Threat Management, Breach, Threat Intelligence, Data Security

Justice Dept. charges North Korea spy in Sony, WannaCry attacks

Just hours after President Trump tweeted his thanks to North Korean leader Kim Jong-un for his “unwavering faith in President Trump,” the Justice Department charged North Korean spy Park Jin-hyok with computer fraud for the Sony hack and the costly WannaCry 2.0 attack that wreaked havoc around the globe.

“The complaint alleges that the North Korean government, through a state-sponsored group; robbed a central bank and citizens of other nations; retaliated against free speech in order to chill it half a world away; and created disruptive malware that indiscriminately affected victims in more than 150 other countries, causing hundreds of millions, if not billions, of dollars’ worth of damage,” Assistant Attorney General for National Security John Demers said in a release. "The scale and scope of the cybercrimes alleged by the complaint is staggering and offensive to all who respect the rule of law and the cyber norms accepted by responsible nations.”

WannaCry ransomware blazed a destructive path around the world last spring, wreaking havoc on hospitals, the financial sector, FedEx, and companies of all stripes.

North Korea was fingered early on as the likely culprit behind the attacks with speculation pinning it specifically on the Lazarus Group as believed to have been behind the 2014 Sony hack. And last December then Homeland Security Advisor Tom Bossert said flat out “North Korea is directly responsible,” for WannaCry, which he referred to as widespread, costly and “indiscriminately reckless.”

“We do not make this allegation lightly. It is based on evidence. We are not alone with our findings, either. Other governments and private companies agree,” Bossert wrote in a Wall Street Journal opinion piece at the time. “The United Kingdom attributes the attack to North Korea, and Microsoft traced the attack to cyber affiliates of the North Korean government.”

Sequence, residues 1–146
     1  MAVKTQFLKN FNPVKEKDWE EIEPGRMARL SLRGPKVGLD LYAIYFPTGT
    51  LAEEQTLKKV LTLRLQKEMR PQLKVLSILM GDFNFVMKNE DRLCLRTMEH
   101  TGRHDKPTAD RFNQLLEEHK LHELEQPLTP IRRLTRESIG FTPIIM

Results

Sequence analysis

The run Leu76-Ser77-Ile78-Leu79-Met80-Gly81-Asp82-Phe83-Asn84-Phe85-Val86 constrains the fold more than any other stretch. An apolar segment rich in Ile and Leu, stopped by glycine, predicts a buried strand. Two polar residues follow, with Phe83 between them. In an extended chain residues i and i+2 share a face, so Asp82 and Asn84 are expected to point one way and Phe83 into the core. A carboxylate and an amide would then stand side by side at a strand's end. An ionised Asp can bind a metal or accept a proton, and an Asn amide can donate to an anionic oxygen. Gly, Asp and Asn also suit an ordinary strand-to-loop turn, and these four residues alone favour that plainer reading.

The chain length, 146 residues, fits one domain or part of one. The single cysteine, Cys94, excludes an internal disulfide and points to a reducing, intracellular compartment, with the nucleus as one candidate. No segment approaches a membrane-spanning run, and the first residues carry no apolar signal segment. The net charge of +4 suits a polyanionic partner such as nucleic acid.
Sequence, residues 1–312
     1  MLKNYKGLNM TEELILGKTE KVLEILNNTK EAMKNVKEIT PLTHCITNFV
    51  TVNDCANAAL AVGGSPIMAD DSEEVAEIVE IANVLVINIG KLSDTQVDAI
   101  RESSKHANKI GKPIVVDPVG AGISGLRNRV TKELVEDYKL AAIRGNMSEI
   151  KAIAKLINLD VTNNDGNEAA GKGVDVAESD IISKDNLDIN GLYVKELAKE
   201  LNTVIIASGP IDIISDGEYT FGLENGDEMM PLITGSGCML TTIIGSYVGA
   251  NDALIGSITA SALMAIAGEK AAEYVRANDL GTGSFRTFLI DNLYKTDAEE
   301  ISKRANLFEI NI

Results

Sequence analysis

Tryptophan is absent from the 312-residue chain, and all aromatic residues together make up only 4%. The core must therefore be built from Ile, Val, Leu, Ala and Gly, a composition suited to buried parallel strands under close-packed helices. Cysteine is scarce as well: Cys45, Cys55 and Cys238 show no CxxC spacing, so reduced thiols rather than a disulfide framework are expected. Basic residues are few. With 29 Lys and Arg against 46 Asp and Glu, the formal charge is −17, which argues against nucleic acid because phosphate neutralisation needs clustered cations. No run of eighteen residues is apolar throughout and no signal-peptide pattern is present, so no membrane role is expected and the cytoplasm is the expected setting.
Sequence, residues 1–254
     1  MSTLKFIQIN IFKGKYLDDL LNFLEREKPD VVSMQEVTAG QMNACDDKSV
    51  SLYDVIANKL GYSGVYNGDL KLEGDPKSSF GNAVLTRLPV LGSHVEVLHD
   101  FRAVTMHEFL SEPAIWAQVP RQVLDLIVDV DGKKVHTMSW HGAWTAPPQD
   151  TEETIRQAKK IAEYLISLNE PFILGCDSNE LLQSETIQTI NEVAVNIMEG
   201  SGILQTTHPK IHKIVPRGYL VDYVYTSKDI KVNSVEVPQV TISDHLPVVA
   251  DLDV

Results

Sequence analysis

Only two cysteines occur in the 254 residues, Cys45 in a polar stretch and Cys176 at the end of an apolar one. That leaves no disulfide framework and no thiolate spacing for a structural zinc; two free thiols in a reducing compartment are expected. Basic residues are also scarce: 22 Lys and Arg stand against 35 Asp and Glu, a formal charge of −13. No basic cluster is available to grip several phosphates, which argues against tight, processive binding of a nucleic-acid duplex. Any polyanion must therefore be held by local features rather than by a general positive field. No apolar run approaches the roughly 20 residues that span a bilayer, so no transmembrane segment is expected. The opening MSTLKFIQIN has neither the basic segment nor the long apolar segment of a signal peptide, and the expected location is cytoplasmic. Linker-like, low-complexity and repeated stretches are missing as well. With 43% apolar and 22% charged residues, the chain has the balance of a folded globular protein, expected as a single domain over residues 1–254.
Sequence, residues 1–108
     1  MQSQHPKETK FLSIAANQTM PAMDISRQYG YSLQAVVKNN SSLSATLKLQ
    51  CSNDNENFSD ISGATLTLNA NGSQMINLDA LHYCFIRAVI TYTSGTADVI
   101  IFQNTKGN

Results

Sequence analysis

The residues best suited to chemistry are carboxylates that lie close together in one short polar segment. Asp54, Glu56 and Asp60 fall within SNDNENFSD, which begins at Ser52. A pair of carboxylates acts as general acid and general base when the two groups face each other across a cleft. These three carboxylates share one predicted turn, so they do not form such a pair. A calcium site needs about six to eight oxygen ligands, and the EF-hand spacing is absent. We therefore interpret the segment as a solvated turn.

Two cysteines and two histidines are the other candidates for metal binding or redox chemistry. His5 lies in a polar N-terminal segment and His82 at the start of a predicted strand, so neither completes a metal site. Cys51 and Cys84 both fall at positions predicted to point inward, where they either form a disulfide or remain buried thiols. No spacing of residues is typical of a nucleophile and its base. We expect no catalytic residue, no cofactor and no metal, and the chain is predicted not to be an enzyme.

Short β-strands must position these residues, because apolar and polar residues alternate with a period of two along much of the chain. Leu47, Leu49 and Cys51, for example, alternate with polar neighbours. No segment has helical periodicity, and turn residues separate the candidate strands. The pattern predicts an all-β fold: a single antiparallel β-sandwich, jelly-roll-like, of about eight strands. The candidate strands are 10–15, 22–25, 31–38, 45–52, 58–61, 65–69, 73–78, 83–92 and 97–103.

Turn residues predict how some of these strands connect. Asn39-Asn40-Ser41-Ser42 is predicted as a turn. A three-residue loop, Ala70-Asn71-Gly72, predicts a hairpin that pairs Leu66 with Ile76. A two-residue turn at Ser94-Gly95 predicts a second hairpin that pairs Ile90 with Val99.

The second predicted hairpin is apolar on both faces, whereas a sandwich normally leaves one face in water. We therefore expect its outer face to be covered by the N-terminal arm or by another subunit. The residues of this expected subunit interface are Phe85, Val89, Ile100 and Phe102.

The Justice Department’s charge “describing a North Korean national’s role in a wide range of intrusion activity is consistent with FireEye’s analysis of both the scope and attribution of this activity, which we link to the group TEMP.Hermit,” said Benjamin Read, senior manager, cyberespionage analysis at FireEye, which analyzed the malware provided by the Justice Department in its investigation of the attacks. “While we do not have insight into all of the incidents described in the complaint, our analysis concurs with the conclusion that the actors responsible for multiple financially motivated intrusions, the WannaCry ransomware and many of the other incidents are linked by shared development resources.”

Read said the security firm “has observed these malicious operations continuing at a high pace over the last two years and impacting numerous organizations.”

WannaCry was delivered via the backdoor malware DoublePulsar and the Microsoft exploit EternalBlue – tools allegedly created by the U.S. National Security Agency and subsequently leaked by The Shadow Brokers hacking group. The wormable ransomware spread to more than 150 nations in the first three days. 

“The 2014 Sony Pictures Entertainment wiper attack and 2017 WannaCry Ransom worm attack were both world firsts in terms of the aggressiveness of data destruction leveled against Western companies,” said Rafe Pilling, researcher for Secureworks. “Each event costing huge sums to investigate and remediate and in the case of WannaCry, potentially endangering life through disruption of systems supporting national health care providers.”

Park, who sources cited by the New York Times said apparently works for North Korea’s CIA-like agency and is believed to be in the country right now, was also placed on the Treasury Department’s sanctions list.

“We will not allow North Korea to undermine global cybersecurity to advance its interests and generate illicit revenues in violation of our sanctions,” Treasury Secretary Steve Mnuchin said.

“While it may appear largely symbolic, the indictment demonstrates that nations cannot conduct these reckless acts of disruption without consequences,” said Pilling. “The U.S., working with international partners, has the ability to not just identify the Nation responsible but the specific individuals that perpetrate costly and disruptive cyberattacks.”

The Trump administration’s treatment has been a mixed bag – often criticizing the country’s cyberactivities then praising the country’s leader.

The president tweeted Thursday morning that the two leaders would “get it done together,” presumably a reference to improving relations between the two countries and making progress toward denuclearizing the Korean peninsula as discussed at the summit, though talks have more recently broken down.

In June North Koreas's former spy chief credited with building the country’s hacking operation that brought down Sony’s networks and pilfered money from the SWIFT system met with Secretary of State Mike Pompeo while in the Oval Office with Trump.

Vice Chairman Kim Yong Chol, a four-star general who headed up North Korea’s intelligence agency, hand-delivered a written method to Trump from Kim Jong-un regarding the two leaders’ summit in Singapore on June 12.

Gen. Kim had been sanctioned by the U.S. and others for his hacking activities.

The president in his tweet that the two leaders would “get it done together,” presumably a reference to improving relations between the two countries and making progress toward denuclearizing the Korean peninsula as discussed at the summit, though talks have more recently broken down.

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